Looking at a 76-86 campaign in 2013, it’s hard to believe the San Francisco Giants were in the midst of World Series defense. In fact, they entered the season looking for their third championship in four years with the major pieces of that success intact. But if the last three years are any indication, the Giants were due to miss the playoffs, which of course means this season they’ll win the World Series.
Heading into the offseason early, the Giants had two goals: strengthen the staff and add some pop to the lineup. They did so with starter Tim Hudson and left fielder Michael Morse, neither of whom played a full season in 2013. Sure, they didn’t set the hot stove ablaze, but did they have to?
- Officially licensed by the MLB
- Officially licensed by the MLB
This was a team on pace to be the next MLB dynasty a year ago. And this is still a very good team. They were just hit with misfortunate and underperformance last season, weren’t they?
If the middle of your order involves Buster Posey, you’re doing alright. He’s one of the most dynamic young players in the league at one of its most important positions. And when you surround him with Brandon Belt, Hunter Pence and Pablo Sandoval, you have to like your chances. See: Two rings in three years.
Though the Giants have ranked in the top eight of hits and average two straight years, they look to be improving in the power department. Hence the arrival of Morse from Baltimore … and Barry Bonds from obscurity.
Perhaps it’s the pitcher-friendly confines of AT&T Park, but the Giants ranked 29th in home runs, 25th in extra base hits, and 22nd in slugging percentage in 2013. Up from 30th and down from 20th and 18th respectively in 2012. In the dog days of summer, the Giants were panting. They endured 3-16 and 1-8 stretches in the summer months, failing to score more than two runs in 16 of those games. Clearly there was a problem.
Couple that with a few outlandish scenarios — center fielder, lead-off hitter and recipient of $45 million Angel Pagan was lost for the season in May, and Posey’s near non-existence in the second half — it’s clear they weren’t exactly firing on all cylinders. But you have to think they will this year. This spring, Posey is hitting .417, Sandoval .321 and Belt .308. Pence has four home runs, and Morse would have two of his own if Josh Reddick wasn’t Spiderman. This is a very good lineup it just doesn’t always act that way.
The woes in the Bay largely rested with its starting rotation. Even with their park’s pitching advantages, the Giants ranked 24th in starter ERA and Madison Bumgarner was the only starter with a winning record and more than 12 games started. Believe it or not, in those years the Giants won the World Series, their pitching was a big reason why. So the Giants are left wondering which staff they’ll get in 2014.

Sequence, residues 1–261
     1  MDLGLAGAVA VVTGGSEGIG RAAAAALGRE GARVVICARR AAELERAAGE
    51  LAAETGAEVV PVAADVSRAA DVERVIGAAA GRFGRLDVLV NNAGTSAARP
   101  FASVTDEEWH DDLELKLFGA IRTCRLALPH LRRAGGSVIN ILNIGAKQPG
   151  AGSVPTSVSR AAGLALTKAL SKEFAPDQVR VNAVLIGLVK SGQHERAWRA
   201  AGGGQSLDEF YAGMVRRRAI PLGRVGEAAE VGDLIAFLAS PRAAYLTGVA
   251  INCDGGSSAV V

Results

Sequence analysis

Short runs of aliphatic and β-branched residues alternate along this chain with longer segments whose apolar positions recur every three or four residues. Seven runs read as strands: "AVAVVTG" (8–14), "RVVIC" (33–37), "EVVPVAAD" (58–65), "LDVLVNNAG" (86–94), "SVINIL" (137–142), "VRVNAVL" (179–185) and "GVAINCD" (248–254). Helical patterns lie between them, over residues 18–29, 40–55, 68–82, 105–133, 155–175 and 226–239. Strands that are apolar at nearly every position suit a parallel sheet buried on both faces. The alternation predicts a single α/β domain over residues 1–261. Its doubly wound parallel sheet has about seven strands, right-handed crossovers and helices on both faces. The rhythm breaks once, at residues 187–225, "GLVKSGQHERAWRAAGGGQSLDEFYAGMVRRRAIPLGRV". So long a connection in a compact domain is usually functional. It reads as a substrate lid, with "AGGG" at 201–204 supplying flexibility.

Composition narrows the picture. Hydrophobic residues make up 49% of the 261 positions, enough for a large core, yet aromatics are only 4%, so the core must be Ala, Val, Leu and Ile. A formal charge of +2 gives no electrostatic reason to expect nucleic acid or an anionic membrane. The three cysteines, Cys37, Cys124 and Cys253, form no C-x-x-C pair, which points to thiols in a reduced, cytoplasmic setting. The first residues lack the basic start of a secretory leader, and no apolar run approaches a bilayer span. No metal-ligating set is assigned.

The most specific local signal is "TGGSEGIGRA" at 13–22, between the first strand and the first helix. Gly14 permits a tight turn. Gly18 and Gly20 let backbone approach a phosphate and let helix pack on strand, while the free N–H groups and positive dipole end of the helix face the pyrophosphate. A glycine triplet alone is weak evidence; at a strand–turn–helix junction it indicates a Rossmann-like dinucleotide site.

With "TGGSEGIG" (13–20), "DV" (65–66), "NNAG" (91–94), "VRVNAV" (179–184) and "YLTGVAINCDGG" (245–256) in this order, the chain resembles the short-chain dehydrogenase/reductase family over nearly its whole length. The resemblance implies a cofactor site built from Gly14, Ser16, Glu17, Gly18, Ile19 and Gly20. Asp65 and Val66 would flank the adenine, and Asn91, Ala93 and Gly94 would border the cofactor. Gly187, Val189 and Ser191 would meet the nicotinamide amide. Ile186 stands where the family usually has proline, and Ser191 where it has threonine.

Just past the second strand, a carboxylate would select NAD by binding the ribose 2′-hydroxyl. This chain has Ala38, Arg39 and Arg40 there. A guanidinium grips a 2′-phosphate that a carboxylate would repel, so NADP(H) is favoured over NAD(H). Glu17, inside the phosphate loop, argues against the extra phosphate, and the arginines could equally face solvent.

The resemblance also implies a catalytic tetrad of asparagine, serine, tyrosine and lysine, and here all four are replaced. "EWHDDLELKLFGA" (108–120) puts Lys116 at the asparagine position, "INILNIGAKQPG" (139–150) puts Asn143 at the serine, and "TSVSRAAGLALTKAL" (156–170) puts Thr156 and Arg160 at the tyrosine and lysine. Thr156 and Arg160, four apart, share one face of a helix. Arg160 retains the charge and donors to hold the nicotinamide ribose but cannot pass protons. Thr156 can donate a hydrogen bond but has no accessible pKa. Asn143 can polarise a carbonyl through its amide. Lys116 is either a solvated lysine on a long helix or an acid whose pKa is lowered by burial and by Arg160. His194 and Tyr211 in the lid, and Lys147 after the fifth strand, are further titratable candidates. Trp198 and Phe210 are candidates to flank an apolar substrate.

Bumgarner and Tim Lincecum are putting their best feet forward this spring. Lincecum, fresh off a 10-14 campaign, is posting a sub-one WHIP as is Bumgarner, who also has yet to surrender a run in three starts. Matt Cain’s line thus far: 10.2 IP, 12 K, 3 BB, 0.94 WHIP, .179 BAA and seven earned runs on seven hits. He’ll chalk that last part up to “it’s just spring training.”
Then, Hudson looks to be an upgrade over the 5-11 Barry Zito. And Ryan Vogelsong allowed just one run in five innings against the Texas Rangers last week after getting pummeled in his first two starts. There is potential here. And you have to think that if the stars align or at the very least they pitch to that potential, this is a quality rotation top to bottom capable of a deep playoff run. You’re seeing this too, correct?
With the underperformance of the starting rotation, a larger burden was hoisted on the shoulders of the Giants bullpen. They held their own. They ranked eighth in reliever ERA and closer Sergio Romo posted the third most saves in the NL. Even with the departure of the effective reliever/spot starter Chad Gaudin, they are a group capable of dependability and success as long as they’re not relied on.
Opening day lineup
1. Angel Pagan, CF
2. Marco Scutaro/Joaquin Arias, 2B
3. Brandon Belt, 1B
4. Buster Posey, C
5. Hunter Pence, RF
6. Pablo Sandoval, 3B
7. Michael Morse, LF
8. Brandon Crawford, SS
The Giants farm system is carried by its arms. Kyle Crick and Edwin Escobar earned placement in the top 100 prospects according to MLB.com for their strong performances last season. The right handed Crick went 3-1 with a 1.57 ERA in 14 starts and only yielded one home run. Escobar, a southpaw, went 8-8 in 24 starts with a 2.80 ERA that shrank as the season wore on. Both players will figure prominently in the Giants future, and Escobar could help make an impact this season.
Beyond Crick and Escobar are left handers Adalberto Mejia and Ty Blach, who went 7-4 and 12-4 a year ago in Class A San Jose, respectively. They may be a year away from the major league roster, but both show promise for the rotation in years to come. Homegrown pitching talent in San Francisco? Sounds familiar.
Highlighting the future Giants bats is Andrew Susac, a catching prospect who displays flashes of power to all fields and could help take pressure off Posey behind the plate. Last year in Richmond, he clubbed 12 home runs and 17 doubles, and maintained a .362 OBP in 84 games. He, too, could see time in the 2014 campaign.
You look at this Giants team and wonder how they finished 76-86 a year ago. They have a quality pitching staff, a potent lineup and one of the best managers in the game in Bruce Bochy. For goodness sakes, they’ve won two of the last four World Series. Then, of course, they failed to make the playoffs in the other two years. What is up with this team?!
To keep with the pattern would be to win the World Series in 2014. They don’t have the fire power their rival Los Angeles Dodgers do, so if they’re to win, they’ll have to make it as the NL Wild Card. But for this team, that shouldn’t be too much to ask. Right?